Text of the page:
By Tom Worgo
Ravens linebacker Paul Kruger didn't have many highlights in his first two seasons.
As a second-round pick, the Ravens expected a lot more than he gave them: 13 tackles, one sack and one interception as a part-time player.
Now, things are looking decidedly better for the 25-year-old Kruger, who is finally starting to produce like a high draft pick.
Kruger ranks second on the team with 4.5 sacks behind Terrell Suggs (6). Moreover, Kruger has found a home on the field.
"I am getting more reps at the outside linebacker-rushing defensive end position instead of inside," Kruger said. "So that's been a big help. I am making my mark there. That seems to be the position I will be playing full-time."
The only constant in Kruger's first two seasons was change.
He played outside as a rookie, but last year the coaching staff used him at every position in the front seven. And he ended up a jack of all trades, but master of none. It was a problem new defensive coordinator Chuck Pagano identified right away.
Pagano and Kruger had several conversations in the offseason about the best way to use the third-year pro.
They concluded that the 6-foot-4, 265-pound Kruger would only play outside, where he is getting 10 to 15 snaps a game.
"We knew he had the talent to do what he is doing now," Pagano said. "I just think he is getting the opportunity. He is just taking full advantage."
Perhaps the most impressive thing about Kruger this season: He has recorded at least a sack in five straight games.
Kruger's best performance came in the Ravens' 30-27 victory over Arizona in Week 8, when he sacked Cardinals quarterback Kevin Kolb twice.
"He is older and more mature," Pagano said of Kruger. "He understands and knows the packages inside and out. And he is working really hard during the week. I think that is just a byproduct of his preparation showing up statistically on Sunday."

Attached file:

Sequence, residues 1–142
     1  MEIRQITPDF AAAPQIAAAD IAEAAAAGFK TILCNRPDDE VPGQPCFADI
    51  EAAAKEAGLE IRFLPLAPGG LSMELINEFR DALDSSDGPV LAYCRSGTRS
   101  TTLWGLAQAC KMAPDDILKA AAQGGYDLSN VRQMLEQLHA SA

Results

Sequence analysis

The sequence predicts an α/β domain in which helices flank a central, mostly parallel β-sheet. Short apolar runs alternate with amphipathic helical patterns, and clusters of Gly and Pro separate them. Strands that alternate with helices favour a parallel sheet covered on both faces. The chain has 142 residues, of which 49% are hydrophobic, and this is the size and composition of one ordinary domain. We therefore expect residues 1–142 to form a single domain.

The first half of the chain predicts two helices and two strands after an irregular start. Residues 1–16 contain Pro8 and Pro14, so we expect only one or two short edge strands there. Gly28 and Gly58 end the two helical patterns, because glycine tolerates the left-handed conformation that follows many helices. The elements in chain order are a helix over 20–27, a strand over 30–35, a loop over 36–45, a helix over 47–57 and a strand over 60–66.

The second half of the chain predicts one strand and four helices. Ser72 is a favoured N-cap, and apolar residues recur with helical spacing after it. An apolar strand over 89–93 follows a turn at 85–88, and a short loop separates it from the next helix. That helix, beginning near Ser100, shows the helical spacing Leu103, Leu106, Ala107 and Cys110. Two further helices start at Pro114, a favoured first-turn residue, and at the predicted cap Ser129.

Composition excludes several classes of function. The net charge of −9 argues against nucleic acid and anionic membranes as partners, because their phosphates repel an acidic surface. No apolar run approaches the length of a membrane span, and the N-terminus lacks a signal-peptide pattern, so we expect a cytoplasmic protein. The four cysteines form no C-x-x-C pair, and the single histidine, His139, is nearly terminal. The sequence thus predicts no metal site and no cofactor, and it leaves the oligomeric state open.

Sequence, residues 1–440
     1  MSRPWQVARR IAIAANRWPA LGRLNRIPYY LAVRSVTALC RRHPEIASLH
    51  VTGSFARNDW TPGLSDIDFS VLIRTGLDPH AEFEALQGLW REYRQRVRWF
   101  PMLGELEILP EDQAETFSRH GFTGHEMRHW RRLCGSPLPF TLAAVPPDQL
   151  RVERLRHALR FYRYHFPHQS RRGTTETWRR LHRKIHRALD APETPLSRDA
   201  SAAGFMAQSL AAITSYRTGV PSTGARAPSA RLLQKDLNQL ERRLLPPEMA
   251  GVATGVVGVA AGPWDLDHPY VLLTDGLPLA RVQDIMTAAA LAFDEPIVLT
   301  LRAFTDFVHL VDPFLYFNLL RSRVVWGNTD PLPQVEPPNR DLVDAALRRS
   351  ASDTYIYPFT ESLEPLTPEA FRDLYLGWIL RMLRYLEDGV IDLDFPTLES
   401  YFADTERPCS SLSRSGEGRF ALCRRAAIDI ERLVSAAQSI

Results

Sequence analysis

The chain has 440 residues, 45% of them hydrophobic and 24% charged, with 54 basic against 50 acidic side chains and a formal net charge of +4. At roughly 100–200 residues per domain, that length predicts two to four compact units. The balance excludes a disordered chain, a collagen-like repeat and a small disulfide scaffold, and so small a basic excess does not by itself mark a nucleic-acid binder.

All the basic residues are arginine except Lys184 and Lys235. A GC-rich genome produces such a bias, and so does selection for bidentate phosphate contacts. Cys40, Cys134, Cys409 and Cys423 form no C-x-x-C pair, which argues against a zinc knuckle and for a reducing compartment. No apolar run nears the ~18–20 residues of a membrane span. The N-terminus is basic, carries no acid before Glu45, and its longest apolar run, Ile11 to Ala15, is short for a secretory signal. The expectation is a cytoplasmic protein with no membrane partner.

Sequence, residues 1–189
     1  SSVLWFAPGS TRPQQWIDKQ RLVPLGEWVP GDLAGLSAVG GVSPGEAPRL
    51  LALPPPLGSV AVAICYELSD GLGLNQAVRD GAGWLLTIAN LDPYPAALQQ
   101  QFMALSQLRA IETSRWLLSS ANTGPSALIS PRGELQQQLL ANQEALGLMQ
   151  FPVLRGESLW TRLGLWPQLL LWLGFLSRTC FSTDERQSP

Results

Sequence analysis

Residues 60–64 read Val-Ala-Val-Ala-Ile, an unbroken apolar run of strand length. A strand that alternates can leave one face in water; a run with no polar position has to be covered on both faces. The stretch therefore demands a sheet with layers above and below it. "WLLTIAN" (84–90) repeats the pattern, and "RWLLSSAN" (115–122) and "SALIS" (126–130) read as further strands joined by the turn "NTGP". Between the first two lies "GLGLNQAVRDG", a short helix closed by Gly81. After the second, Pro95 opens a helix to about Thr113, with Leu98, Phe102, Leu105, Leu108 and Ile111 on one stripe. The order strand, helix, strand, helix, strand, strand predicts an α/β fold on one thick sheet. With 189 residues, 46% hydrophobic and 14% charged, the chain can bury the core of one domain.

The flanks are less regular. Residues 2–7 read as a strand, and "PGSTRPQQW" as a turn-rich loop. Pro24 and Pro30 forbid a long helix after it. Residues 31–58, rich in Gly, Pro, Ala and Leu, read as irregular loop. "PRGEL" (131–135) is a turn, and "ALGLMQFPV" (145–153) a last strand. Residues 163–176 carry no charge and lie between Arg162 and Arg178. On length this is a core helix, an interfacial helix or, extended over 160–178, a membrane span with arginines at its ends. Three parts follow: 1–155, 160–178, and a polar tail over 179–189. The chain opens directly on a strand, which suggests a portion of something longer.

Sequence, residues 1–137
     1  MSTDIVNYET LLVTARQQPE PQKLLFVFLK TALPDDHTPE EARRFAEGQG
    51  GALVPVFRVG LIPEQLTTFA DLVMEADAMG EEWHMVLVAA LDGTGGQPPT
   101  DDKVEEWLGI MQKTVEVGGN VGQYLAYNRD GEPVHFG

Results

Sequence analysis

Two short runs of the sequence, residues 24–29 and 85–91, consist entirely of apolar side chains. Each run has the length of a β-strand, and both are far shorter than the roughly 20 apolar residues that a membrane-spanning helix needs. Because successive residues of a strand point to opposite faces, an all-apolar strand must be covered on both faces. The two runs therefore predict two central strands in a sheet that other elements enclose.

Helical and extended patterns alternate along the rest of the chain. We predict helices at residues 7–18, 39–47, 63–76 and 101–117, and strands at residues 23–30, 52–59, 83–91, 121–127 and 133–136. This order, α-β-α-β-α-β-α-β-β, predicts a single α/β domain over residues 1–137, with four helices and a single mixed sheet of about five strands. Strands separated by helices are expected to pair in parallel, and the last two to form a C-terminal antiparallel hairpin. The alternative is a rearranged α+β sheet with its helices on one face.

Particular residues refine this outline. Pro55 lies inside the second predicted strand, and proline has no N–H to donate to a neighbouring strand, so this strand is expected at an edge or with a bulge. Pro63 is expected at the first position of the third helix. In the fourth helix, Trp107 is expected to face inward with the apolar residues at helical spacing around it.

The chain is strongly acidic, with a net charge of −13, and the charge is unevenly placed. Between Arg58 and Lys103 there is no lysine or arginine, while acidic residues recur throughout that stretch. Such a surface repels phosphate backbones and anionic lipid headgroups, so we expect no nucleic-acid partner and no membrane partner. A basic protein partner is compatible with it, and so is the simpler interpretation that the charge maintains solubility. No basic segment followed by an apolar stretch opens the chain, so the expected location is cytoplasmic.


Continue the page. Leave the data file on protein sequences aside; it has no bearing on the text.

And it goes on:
Pagano taking over the defense may turn out to be one of the best things to happen to Kruger in his NFL career. Kruger gets enthusiastic when he talks about Pagano.
"He has been a huge influence on me," Kruger said. "It's been so easy to come and work hard every day with him. He cares a lot about every individual. He put his whole heart into it. You want to give the same back."
You can't blame Kruger if he believes he could have been used more effectively last season. He bulked up some 20 pounds as a result of having to play inside and finished with only one sack and one tackle in 11 games. Kruger just didn't have much of an impact.
"Being inside is totally different game," Kruger said. "Your technique has to change. You want to be a lot heavier. You are fighting two guys instead of one. I am much more comfortable outside."
Kruger's delay to make a name for himself in the NFL may be best explained by his college career at the University of Utah. He came to Utah as a quarterback, played that position his redshirt freshman year before moving to defensive end.
Kruger didn't stay long in college and played just two seasons on defense.
"Paul really hasn't played a lot of football because of his background," Ravens linebacker Jarret Johnson said. "He is still learning and his football I.Q has come a long ways the last two years. But he has been a huge benefit to our defense this year. The way he is playing right now is really helping us out."